useful. Each application (say, "music metadata", "movie metadata",
"encyclopedia articles", etc.) can probably benefit from separate and
dedicated tools, but these can be relatively simple, and in many cases
should probably be implemented as Bonobo components or something
similar, so they can be easily embedded in applications. Likewise,
people will construct web form interfaces to access, add to, and edit
the information. But this is similar to Usenet, the protocol doesn't
need to concern itself with the UI of the newsreader. These things
will come into existence as people need them enough to code them up.
The obvious way to go about this is to spec the protocol, make a
minimal implementation, and then creating a couple of XML DTDs and
convert existing free information into this XML format. FreeDB's
downloadable database dumps are an excellent source of such seed
information, as is dmoz.org's database dumps.
This skims the surface of what I've been thinking about. It's pretty
much a brain dump, so I hope it gets the basic points across. I'd love
to see Advogato people talk about the problems, obstacles, usage
areas, implementation details, suggestions, etc., to try to judge if
it's worthwhile (or even possible, I might be overlooking something
essential here) to proceed with the project.
Since you brought it up, there's been a lot of thinking already in how
to move content between wikis. The first step is generally believed to
define a MeatBall:XmlRpcToWiki protocol and then to define
a MeatBall:WikiInterchangeFormat. The goal originally was
to make some sort of Wiki:InterWiki, but maybe in the
we can build a MeatBall:DistributedWikiForum. One
successful bridging technology has been
Personally, I don't think it's really necessary to use too much
cryptography. Wikis don't need them. If you think hard enough, you
won't need to for this this either. For every bit of encryption you
misuse, you half your userbase.
The major problem isn't security, it's copyright and control. The best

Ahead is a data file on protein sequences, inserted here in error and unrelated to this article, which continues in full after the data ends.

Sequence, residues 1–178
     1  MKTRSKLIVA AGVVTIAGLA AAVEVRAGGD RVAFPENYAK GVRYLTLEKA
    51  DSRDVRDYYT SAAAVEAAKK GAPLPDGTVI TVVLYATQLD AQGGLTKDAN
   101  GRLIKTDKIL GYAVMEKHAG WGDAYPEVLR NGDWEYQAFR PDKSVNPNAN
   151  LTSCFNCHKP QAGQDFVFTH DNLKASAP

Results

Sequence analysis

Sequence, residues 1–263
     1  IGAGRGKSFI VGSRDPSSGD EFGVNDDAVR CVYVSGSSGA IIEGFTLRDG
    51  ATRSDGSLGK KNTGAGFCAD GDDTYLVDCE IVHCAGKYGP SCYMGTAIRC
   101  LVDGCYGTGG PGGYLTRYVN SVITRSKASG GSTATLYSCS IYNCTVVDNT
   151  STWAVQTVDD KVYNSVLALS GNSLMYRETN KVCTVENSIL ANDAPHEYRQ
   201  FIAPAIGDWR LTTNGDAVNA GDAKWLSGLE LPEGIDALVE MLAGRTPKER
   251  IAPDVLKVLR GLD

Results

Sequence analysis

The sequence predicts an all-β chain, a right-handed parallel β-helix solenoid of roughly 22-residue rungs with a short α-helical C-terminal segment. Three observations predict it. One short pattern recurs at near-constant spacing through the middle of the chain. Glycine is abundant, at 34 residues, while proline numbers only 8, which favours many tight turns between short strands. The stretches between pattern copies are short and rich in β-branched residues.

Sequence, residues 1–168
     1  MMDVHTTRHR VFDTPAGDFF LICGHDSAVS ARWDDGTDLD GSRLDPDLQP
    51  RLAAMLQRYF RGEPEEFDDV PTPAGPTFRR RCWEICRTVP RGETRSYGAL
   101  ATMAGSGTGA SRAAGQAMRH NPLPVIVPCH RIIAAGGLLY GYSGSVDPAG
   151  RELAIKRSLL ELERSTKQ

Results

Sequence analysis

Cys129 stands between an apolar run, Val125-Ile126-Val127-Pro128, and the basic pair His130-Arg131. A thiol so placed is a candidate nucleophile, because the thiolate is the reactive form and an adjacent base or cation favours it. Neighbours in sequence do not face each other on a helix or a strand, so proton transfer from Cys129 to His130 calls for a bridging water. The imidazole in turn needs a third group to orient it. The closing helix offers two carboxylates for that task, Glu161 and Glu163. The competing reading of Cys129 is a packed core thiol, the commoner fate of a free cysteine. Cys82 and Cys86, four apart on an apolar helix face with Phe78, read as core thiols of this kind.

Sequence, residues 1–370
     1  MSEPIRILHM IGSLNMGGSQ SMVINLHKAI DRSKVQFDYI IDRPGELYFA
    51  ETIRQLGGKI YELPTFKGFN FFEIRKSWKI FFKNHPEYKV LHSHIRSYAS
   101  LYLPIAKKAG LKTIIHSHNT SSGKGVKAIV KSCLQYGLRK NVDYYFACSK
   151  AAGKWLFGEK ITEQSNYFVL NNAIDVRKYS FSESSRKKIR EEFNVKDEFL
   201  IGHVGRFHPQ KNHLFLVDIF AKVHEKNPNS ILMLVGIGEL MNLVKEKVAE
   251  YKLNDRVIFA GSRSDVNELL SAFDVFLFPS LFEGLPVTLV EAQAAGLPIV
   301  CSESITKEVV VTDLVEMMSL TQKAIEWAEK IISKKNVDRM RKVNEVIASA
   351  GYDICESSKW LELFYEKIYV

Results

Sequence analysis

when Wikipedia forked FOLDOC. I recommended using sister sites, but Larry didn't like
that. He prefered absorbing as much content into Wikipedia as possible
as then everything would be inside Wikipedia. Considering the FOLDOC
wasn't under the GFDL, this is reasonable (is it?). In the end, Denis
converted his entire site to the GFDL, which was nice of him.
Similarly, FOLDOC incorporates The Jargon File, which is in the public
domain. This is perhaps nicer for an automated syndication
system because it's less restrictive than the GFDL.
Insert that whole BSD vs. GPL debate.
If I didn't know better, I would have sworn that you were listening in
on the discussions jlatour and I --
tnt -- have been having, about project Sand Dunes. Because
virtually all of what you have said, has also been said in our
Now project Sand Dunes has
not yet been announced, because (as you may have noticed if you
visited the home page) we are
not ready (to announce it). We are in the process of writing a
white paper for it (which is the work in progress that
you see on the home page).
However, having said that, the similarities between what you have
proposed and project Sand Dunes
are so close, that I thought that we should let you know about it... and
see if you wanted to work with us.
It's too bad the white paper isn't done though.... Reading
through what we have, again, I'm noticing that the similarities
between what you have proposed and project Sand Dunes hasn't even been written
up yet. But just to add to what you see on the home page, project Sand Dunes has things such as:
- Expert Groups... which are trust metric groups with
- Forks... the ability to fork the project... without
leaving the main system,
- A Distributed System of servers,
- Trust Metrics between expert groups... and not just people with
in expert groups,
- multilingual stuff,
- and more.
Obviously that summary is very very inadequate. But combine that with
what's correctly there on the home
page... an... ummm... I guess that's still inadequate; but it gives
you some idea. Anyways, e-mail me (or reply here) if you are
interested in working with us.